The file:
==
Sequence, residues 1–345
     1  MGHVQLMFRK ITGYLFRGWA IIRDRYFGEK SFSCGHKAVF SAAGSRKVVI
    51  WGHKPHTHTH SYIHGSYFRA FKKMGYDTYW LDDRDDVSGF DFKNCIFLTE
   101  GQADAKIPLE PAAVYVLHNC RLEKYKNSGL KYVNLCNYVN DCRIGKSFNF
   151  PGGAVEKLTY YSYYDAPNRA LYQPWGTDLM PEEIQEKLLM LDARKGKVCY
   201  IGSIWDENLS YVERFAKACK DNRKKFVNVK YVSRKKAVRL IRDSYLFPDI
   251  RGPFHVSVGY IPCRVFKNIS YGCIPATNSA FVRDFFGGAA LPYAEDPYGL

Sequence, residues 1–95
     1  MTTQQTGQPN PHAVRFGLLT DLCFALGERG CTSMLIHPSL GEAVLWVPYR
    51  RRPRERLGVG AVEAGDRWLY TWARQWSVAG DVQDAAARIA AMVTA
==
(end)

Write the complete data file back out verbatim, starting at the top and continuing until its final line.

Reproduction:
Sequence, residues 1–345
     1  MGHVQLMFRK ITGYLFRGWA IIRDRYFGEK SFSCGHKAVF SAAGSRKVVI
    51  WGHKPHTHTH SYIHGSYFRA FKKMGYDTYW LDDRDDVSGF DFKNCIFLTE
   101  GQADAKIPLE PAAVYVLHNC RLEKYKNSGL KYVNLCNYVN DCRIGKSFNF
   151  PGGAVEKLTY YSYYDAPNRA LYQPWGTDLM PEEIQEKLLM LDARKGKVCY
   201  IGSIWDENLS YVERFAKACK DNRKKFVNVK YVSRKKAVRL IRDSYLFPDI
   251  RGPFHVSVGY IPCRVFKNIS YGCIPATNSA FVRDFFGGAA LPYAEDPYGL

Sequence, residues 1–95
     1  MTTQQTGQPN PHAVRFGLLT DLCFALGERG CTSMLIHPSL GEAVLWVPYR
    51  RRPRERLGVG AVEAGDRWLY TWARQWSVAG DVQDAAARIA AMVTA